The Reserve Bank, after a long time of sitting on the sidelines (get it? ‘Reserve’), finally moved to cut interest rates recently, continuing their odd trend of changing rates at their May meeting (nearly all of the last 10 rate movements have come in May).

Now, at the historic low point of 1.75%, interest really isn’t costing home borrowers all that much compared to years gone by.

It is still costing plenty when compared to everything else, mind you, but rate rises in the future are still believed to be inevitable. Even though it is starting to seem like we have always had super low interest rates, (just ask many young buyers who have only been aware of such ‘adult’ concerns for several years), history shows that the average rate on a home loan is around 7.5% between 1960 and now.

Compare that to between 4.5 and 5.5% on today’s variable loans.

There have been low periods and high periods in the past…I know my parents only paid about $120,000 for the house I grew up in, but at the time they were paying around 18% interest!

So when it comes to rates, it’s not just what goes up must come down, but what sinks, must also at some point shoot upwards gasping for air. Essentially, this is as low as it’s going to get…or very close to it. The room to increase is huge, while there is not much room for further cuts.

So, if someone offers you the chance to lock in a very low rate like this for the next 3 or 5 years of your home loan, why wouldn’t you do it? The demand for fixed rate home loans has dried up in recent times, with plenty of borrowers not wanting to fix in case the RBA slashes again and again and they are stuck paying more.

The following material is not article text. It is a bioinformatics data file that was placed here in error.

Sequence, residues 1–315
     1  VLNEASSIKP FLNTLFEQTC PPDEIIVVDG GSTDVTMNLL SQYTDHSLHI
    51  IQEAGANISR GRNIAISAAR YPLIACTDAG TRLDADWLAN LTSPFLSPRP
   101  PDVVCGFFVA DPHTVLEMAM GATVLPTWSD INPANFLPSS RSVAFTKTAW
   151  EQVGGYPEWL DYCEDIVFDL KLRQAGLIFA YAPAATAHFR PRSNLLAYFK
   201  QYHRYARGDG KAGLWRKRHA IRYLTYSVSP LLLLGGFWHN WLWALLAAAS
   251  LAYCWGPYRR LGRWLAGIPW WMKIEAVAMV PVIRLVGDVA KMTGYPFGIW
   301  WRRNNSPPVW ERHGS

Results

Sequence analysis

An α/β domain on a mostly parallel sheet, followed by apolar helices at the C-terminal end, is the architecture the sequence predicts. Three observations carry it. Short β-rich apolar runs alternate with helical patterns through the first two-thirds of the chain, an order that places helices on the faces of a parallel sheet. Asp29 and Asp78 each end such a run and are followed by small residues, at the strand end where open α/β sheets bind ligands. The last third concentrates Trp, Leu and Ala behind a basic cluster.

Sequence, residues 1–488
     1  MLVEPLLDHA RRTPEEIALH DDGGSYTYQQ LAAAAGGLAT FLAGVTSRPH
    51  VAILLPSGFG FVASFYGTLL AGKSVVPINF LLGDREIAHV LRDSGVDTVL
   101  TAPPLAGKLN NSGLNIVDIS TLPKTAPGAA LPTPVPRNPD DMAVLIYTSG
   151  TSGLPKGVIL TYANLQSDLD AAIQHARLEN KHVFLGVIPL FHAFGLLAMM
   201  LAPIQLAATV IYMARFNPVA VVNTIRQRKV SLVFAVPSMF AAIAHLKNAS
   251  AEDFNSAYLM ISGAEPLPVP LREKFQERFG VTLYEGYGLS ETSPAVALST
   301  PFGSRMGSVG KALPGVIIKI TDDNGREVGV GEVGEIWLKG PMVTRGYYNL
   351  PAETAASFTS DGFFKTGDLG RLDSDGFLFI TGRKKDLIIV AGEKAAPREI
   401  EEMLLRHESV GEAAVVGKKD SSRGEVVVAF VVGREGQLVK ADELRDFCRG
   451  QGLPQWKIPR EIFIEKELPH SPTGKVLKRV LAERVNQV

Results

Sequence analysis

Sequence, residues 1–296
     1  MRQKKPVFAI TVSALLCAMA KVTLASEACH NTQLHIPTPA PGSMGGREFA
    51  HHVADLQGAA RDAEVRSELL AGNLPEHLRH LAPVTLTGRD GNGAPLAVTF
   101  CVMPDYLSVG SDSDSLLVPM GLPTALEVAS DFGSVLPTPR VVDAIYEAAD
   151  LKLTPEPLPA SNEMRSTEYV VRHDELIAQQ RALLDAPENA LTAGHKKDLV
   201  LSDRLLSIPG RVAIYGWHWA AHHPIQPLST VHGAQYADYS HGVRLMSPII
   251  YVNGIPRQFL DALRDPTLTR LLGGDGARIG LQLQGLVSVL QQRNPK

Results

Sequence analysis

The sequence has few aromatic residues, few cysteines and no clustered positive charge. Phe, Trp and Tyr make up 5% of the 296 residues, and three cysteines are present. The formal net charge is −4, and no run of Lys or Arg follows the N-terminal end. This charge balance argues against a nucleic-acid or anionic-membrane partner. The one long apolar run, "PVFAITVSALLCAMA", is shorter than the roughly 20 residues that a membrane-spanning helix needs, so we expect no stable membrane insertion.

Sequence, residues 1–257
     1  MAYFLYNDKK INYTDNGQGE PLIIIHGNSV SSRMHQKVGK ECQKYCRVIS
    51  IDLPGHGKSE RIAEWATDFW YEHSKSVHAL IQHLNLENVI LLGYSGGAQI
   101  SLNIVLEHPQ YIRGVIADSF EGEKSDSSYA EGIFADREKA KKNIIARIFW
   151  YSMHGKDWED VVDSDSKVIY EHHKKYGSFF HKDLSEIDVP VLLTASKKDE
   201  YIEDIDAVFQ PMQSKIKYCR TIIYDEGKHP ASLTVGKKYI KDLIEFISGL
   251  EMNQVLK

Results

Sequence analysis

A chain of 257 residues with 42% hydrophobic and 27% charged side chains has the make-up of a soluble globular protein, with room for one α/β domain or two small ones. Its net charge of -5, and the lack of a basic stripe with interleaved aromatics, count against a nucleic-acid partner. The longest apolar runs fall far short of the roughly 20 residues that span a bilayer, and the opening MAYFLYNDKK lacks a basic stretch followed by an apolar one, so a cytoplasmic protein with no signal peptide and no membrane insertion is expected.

However, seeing as how the last 2 rate cuts have now come with more than a year of no action between each…you really wouldn’t expect to miss out on much by fixing. It’s rare to see fixed loan repayments around 4%, so if it suits your situation, now is a better time than ever.

Anyone who likes a weekly budget with no surprises will benefit from the routine certainty of a fixed rate mortgage. But on the other hand, fixed loans aren’t as flexible as variable rate mortgages and may not suit those who like to make extra repayments to reduce their balance.

You might be restricted from doing so or have to pay penalty fees if you attempt it. Be sure you won’t need to sell or refinance during your planned fixed term, or the heavy break fees may outweigh the benefit.

Many of the major lenders offer competitive products these days and one option is to split your loan and fix one portion, while paying variable rates on the rest.

That means you have safety and the chance for a bit of flexibility.

Tim McIntyre is the senior real estate reporter for the Daily Telegraph and


Over the past decade, he has attained widespread knowledge of Australia’s many unique property markets and is an authority on all things buying, selling and investing.

His commentary appears every Saturday in the Daily Telegraph Real Estate lift out, as well as online at

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